The number of jewellery designers in Adelaide has surged this year. Whether your style calls for oversized earrings, handpainted ceramics or minimalist jewels, we’ve rounded up some of South Australia’s best designers – and they all ship Australia-wide.

Okay Kathigitis

These hand-shaped polished-brass and silver creations dangle from ears all over Adelaide. After studying jewellery-making during a visual-arts degree, Olivia Kathigitis started crafting pieces for herself and gifting some to friends. Pretty soon, she says, the earrings “spread like wildfire”.

Each piece is handmade, which can leave Kathigitis with painful cuts and “jewellers tattoos” (when silver embeds into your skin and turns black). But it’s worth it to see somebody wearing a piece you made yourself, she says.

“Picking up my tools everyday enables me to constantly play around, and dart between both fields [visual art and jewellery design],” Kathigitis says. Look out for brass kangaroo paws, eucalyptus leaves and thylacine (the extinct Tasmanian tiger) teeth. It’s all about “the lost or forgotten memory of some iconic Australian detail”, she says.

Linda Marek

Textile designer Linda Marek finds inspiration in architectural details to create pieces that are “contemporary but classic”. Simplicity and timelessness are key; earrings and necklaces are lightweight, functional and easy to wear.

“I want it to be the kind of thing that you just grab [to wear] because it’s easy, and it goes with lots of things,” she says.

Geometric shapes painted black, indigo, blush and forest green hang from small brass and silver hoops. Marek’s favourite piece remains the half-moon Luna earrings – the ultimate everyday accessory. “It’s the first piece I designed and I wear them everyday,” she says.


There are 50 pieces in each collection by this designer, which is where Cinquante (French for “fifty”) got its name. It’s a case of more is more for founder Jane Edwardson, who makes each piece by hand from sterling silver, brass and silk thread.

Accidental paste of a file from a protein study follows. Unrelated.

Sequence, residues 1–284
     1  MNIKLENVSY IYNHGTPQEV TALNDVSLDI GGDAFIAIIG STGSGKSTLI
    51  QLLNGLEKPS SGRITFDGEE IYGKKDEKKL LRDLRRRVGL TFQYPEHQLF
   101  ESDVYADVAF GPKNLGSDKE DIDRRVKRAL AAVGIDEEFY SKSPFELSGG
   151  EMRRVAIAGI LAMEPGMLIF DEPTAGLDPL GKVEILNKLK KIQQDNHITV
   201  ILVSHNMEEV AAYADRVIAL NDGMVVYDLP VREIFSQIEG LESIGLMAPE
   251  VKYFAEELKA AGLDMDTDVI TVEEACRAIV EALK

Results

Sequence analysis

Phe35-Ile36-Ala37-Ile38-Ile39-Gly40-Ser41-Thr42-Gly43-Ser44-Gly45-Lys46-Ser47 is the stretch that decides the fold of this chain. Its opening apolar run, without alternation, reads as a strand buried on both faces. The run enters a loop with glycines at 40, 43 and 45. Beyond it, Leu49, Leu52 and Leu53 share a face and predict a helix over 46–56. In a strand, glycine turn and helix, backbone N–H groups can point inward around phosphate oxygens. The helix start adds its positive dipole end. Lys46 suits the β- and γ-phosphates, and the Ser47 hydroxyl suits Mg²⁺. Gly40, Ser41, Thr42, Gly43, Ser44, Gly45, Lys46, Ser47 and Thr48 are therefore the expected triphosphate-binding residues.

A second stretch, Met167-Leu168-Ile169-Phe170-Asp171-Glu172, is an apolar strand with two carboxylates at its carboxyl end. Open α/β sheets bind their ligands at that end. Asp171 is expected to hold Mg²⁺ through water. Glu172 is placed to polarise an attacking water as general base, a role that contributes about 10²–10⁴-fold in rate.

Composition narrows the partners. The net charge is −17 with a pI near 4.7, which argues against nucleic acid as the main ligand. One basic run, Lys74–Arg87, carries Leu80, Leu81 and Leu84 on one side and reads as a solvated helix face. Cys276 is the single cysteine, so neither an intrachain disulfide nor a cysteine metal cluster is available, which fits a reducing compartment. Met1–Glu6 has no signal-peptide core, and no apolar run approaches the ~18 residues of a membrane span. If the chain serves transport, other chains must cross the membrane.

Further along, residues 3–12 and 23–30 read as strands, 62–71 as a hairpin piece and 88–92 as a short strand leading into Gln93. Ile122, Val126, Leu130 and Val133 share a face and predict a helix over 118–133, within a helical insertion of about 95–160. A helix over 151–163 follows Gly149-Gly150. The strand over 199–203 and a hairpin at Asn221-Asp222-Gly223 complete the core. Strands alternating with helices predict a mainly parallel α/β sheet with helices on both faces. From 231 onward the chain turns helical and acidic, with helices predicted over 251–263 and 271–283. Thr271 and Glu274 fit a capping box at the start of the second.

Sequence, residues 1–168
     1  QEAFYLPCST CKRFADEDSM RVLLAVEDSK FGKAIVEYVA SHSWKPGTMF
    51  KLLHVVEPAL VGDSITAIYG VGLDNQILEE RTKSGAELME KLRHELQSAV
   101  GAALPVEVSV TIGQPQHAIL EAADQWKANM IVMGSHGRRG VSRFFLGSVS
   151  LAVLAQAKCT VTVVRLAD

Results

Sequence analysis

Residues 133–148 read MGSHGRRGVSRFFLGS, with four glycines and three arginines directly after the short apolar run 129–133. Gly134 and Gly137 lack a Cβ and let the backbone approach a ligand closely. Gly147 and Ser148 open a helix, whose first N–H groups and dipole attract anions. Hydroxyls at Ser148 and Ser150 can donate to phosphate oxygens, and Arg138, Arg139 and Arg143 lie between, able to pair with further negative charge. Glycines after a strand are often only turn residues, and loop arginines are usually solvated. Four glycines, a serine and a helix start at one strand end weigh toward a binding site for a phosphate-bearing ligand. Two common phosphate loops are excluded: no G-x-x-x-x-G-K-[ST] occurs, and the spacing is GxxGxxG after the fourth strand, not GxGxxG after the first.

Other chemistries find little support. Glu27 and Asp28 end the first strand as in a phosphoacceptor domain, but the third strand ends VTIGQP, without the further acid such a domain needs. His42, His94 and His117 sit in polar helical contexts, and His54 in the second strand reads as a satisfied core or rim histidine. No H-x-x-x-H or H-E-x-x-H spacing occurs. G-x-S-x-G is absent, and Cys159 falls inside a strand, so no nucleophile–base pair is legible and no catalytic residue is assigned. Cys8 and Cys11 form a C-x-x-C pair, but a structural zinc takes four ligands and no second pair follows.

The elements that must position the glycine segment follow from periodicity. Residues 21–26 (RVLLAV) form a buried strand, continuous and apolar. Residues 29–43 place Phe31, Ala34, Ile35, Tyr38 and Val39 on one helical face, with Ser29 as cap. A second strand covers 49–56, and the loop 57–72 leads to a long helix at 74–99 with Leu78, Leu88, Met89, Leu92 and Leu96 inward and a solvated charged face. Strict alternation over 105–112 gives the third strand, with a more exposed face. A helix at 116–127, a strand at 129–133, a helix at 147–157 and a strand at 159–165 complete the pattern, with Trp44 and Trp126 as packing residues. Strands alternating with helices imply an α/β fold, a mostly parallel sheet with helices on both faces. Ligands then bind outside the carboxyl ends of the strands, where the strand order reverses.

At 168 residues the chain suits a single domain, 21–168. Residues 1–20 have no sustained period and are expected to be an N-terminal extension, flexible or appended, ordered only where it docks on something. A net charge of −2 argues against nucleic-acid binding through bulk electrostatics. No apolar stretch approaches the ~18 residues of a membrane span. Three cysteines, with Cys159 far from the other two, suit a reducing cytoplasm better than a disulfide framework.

From statement drop earrings, to feathery silk necklaces and chunky bangles, the pieces are monochromatic with a combination of bold, architectural shapes and playful flourishes. Pre-order is available now for her new collection of spangly golden geometric earrings.

Mano Objects

“We are obsessed with small, playful details and I think this shows in the collection,” says co-founder Ash McCammon. “Our pieces are unique, contemporary and timeless.” As a Christmas gift last year, partner and co-founder Arryn Lloyd designed a ring for her. It led to the creative couple establishing Mano Objects. The label is a reflection of their backgrounds: he’s an industrial designer; she’s an interior designer.

In 2018 the pair launched a debut collection of rings in sterling silver, polished and natural brass, and 14-karat gold-plated brass. The pieces are elegantly simple, with subtle design elements that give a sense of movement.

“We collaborate with a team in New York because they 3D print the ‘template’ for the ring in wax using specialised high-resolution 3D printers. Using this process ensures each ring has outstanding detail and accuracy,” says McCammon.

Ayesha Aggarwal

Ceramicist Ayesha Aggarwal found a niche creating handmade, Greek-style amphora vases celebrating Australian botanicals. When she turned to jewellery she retained her style – but made it miniature. “The inspiration for my jewellery comes from my ceramic vases,” says Aggarwal. “I wanted to make them wearable and so my amphora earrings were born. They share the same designs as my vases, usually derived from native Australian plants. But you can take them everywhere you go.”

Statement pieces and everyday earrings pop in bright colours with on-trend flora: banksias, proteas, eucalyptus, palm fronds and monstera leaves.

“I use white mid-fire clay, which I roll out into thin slabs and cut into the amphora shapes by hand. I use a combination of under-glazes and colours that I mix myself to paint them … before I carve back into them to create definition and detail,” she says. Then they’re off to the kiln, hand-glazed and fired once more at a hotter temperature.